Book review: "Beneath the Surface" offers look into real world of captive aquatic mammals
If you had asked me as a child what I wanted to be when I grew up, I would have said what many children at the time said: a SeaWorld Trainer.
I desperately wanted to work with orca whales, but unlike many other children, I actually followed through with almost all the requirements necessary to follow that dream. My dreams, as with those of so many others, are echoed by John Hargrove, former killer whale trainer at SeaWorld, in his book “Beneath the Surface: Killer Whales, SeaWorld, and the Truth Beyond Blackfish.”
Emily O’Neal is technical services/collection management librarian and Bud Werner Memorial Library.
This article first appeared in the Steamboat Pilot and Today
This book left me breathless and emotional from its very beginning. This was not only because I personally saw so many parallels in the early chapters between the author’s life and my own, but because his voice on the issue of marine mammal captivity is both heartfelt and heartbreaking. For the same reasons I enjoyed “Beneath the Surface,” I recommend this true-life account to readers of all ages, especially those who had the same childhood aspirations. Hargrove leads us all down the path of those goals and shows readers that, like many dreams, the realities are not always what we would wish.
Hargrove clearly defines the struggles one must go through to become a trainer at SeaWorld. From grueling swim tests to backbreaking and life-threatening routines, Hargrove takes us through his journey to arrive at Shamu Stadium.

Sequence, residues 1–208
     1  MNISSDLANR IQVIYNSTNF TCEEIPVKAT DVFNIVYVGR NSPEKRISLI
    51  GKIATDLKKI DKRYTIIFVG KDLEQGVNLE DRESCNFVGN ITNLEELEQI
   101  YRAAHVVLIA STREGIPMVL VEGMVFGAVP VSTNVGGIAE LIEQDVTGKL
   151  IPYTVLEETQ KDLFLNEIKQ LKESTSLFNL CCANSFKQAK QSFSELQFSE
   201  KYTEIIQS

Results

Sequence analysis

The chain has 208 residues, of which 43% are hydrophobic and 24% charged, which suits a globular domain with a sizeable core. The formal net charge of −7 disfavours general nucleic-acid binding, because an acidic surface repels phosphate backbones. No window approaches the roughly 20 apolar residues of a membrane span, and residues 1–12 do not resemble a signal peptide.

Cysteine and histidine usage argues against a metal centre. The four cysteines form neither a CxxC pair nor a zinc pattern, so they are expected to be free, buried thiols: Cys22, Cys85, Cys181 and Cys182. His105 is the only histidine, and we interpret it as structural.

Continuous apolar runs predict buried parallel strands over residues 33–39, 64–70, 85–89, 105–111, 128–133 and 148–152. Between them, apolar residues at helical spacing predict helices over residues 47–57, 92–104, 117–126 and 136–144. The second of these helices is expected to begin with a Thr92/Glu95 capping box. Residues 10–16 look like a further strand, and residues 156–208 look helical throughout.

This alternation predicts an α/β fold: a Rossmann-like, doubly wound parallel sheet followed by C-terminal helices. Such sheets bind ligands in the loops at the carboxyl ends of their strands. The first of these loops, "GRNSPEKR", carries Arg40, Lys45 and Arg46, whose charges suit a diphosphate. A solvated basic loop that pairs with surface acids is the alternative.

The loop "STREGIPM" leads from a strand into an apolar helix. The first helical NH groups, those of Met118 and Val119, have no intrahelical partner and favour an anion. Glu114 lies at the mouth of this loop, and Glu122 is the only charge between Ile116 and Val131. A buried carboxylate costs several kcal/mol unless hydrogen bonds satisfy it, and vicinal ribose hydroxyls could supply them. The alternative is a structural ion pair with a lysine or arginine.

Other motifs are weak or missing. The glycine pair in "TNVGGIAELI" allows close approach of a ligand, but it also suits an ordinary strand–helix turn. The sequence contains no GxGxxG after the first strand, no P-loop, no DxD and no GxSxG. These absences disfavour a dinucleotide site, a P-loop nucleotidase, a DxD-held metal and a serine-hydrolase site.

In the same light, he also clearly outlines the struggles of the whales being held in captivity, struggles including food deprivation, insufficient stimulation and cramped living and swimming spaces. This nonfiction account examines in depth what it means to be at SeaWorld on a daily basis, both as a human and an animal, and brings truth to the now-controversial and highly publicized issue of marine mammal captivity.
What makes this book stand out from others on the issue of animal captivity is the strong emotion behind Hargrove’s account. He is determined in his conviction of the wrongs he observed while working at the marine park but also very clearly heartbroken about leaving the behind the animals he loves so much.
In many other narratives on this issue, we forget the trainers are the one, nurturing link these animals have. The trainers create strong attachment bonds, much like many of us do with our own pets at home. In growing with the company and learning along the way, Hargrove began to realize that, in continuing with the goals he spent his life to achieve, he was also aiding a company he could no longer support.
How was he to save these animals he loved if he was a part of their mistreatment?
“Beneath the Surface” is an emotional and eye-opening read. I highly recommend this book to anyone interested in marine mammals, current events, animal captivity or learning more after having watched the documentary, Blackfish.